MSMs are often described as one of the most stigmatized and discriminated group of persons in Jamaica. The society is homophobic to the point of inflicting extreme physical violence on someone who may be perceived as being gay. This reality perpetuates the clandestine nature of the group.
MSMs stay connected through social networking through social media and specially arranged parties. Here they feel safe to be themselves, they meet new partners and, it is a comfortable, appropriate space to conduct BCC and IPC activities. MSMs fear HIV and AIDS and see the conditions as debilitating and physically disfiguring. Issues of trust, spur of the moment risk assessment, the need to seize the moment for sex when presented, incorrect and low self efficacy in condom use and finding a comfortable fitting condom were some of the barriers to condom use emerging. Breach of confidentiality, stigma and discrimination by health care professionals also affect the uptake of public health services by MSMs. Also emerging is that condom use is determined by the dominant partner – irrespective of the type of relationship or role the partner plays – in the relationship. The dominant partner is often older, more educated and earns more income.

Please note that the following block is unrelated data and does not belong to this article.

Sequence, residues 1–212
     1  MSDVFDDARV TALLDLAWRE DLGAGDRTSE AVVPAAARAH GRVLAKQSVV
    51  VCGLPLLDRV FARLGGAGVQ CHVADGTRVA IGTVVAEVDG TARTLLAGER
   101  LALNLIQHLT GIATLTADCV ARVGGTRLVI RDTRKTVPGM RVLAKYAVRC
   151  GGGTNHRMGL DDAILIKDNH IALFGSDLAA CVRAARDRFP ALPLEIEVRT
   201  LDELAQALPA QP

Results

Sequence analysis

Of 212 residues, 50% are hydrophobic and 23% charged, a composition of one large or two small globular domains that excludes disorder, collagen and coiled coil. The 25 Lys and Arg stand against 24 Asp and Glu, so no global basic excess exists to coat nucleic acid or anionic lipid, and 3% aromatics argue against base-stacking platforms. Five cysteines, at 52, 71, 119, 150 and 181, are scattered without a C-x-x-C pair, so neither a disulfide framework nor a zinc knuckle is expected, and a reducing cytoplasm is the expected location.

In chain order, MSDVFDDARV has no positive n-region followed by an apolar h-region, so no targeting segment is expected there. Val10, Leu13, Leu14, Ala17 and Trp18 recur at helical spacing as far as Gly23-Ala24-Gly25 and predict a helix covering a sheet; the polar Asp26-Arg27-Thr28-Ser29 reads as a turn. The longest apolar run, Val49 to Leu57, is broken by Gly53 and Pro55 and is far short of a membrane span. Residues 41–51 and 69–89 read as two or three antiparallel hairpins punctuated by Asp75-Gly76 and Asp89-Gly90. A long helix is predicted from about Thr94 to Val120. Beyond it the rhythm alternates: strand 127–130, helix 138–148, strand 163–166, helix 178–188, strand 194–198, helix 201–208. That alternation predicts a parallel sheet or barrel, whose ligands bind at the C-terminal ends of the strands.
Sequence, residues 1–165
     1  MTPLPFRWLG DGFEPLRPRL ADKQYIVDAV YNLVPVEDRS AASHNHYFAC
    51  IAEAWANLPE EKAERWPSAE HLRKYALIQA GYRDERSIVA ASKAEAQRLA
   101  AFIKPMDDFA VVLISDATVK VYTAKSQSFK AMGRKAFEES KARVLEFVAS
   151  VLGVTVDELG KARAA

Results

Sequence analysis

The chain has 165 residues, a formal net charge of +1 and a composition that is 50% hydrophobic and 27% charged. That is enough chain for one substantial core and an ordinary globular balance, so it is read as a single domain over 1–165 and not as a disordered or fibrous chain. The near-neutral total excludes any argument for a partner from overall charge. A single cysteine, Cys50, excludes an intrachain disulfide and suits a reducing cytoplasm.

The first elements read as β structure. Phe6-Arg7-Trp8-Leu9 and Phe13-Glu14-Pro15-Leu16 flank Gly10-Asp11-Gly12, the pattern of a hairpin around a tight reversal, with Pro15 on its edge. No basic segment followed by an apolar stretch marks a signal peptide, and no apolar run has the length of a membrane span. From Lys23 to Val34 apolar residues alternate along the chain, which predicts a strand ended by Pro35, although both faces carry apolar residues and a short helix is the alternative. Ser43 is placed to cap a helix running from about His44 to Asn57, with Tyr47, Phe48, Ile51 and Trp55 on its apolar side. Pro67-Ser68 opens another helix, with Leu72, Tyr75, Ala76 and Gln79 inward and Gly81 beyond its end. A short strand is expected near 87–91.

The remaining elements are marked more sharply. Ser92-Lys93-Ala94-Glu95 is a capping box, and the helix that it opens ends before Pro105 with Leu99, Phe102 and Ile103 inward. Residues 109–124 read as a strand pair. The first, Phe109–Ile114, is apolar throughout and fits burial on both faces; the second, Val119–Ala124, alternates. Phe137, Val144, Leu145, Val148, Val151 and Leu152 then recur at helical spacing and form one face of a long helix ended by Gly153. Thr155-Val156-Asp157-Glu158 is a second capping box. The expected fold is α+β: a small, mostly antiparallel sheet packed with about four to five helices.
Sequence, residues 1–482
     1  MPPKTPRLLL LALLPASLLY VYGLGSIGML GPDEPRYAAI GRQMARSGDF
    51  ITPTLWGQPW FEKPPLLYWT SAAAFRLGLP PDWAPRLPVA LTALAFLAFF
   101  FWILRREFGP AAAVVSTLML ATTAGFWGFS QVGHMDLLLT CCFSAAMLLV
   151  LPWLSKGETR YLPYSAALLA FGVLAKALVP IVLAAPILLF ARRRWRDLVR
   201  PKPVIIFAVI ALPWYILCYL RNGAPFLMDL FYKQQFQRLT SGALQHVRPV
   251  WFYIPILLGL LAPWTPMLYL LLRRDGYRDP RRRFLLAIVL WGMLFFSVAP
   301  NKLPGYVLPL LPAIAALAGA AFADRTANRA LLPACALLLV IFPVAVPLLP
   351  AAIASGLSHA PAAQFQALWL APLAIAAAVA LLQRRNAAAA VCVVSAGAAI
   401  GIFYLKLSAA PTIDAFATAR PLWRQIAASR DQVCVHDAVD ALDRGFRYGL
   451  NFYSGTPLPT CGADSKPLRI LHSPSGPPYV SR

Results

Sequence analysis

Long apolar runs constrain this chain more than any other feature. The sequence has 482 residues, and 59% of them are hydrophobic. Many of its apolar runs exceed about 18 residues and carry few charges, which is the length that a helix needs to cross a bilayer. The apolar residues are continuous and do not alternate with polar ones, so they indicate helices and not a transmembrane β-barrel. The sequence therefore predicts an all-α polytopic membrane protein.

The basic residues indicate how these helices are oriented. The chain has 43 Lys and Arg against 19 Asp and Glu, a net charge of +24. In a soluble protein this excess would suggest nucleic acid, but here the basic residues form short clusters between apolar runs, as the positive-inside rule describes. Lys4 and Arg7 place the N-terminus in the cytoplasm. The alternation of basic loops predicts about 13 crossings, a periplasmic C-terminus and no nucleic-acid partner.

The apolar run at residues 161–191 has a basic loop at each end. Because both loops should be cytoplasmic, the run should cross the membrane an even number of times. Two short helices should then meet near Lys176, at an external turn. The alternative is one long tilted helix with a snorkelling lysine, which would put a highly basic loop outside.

The study indentified beliefs, knowledge, attitudes and social norms as factors to influence condom use and safer sexual behaviour. These factors can be leveraged in didactic and interactive BCC activities and mass media campaigns that address condom use. Some key message areas include correct condom use, types and size of condoms available, myths and misconceptions, risk perception.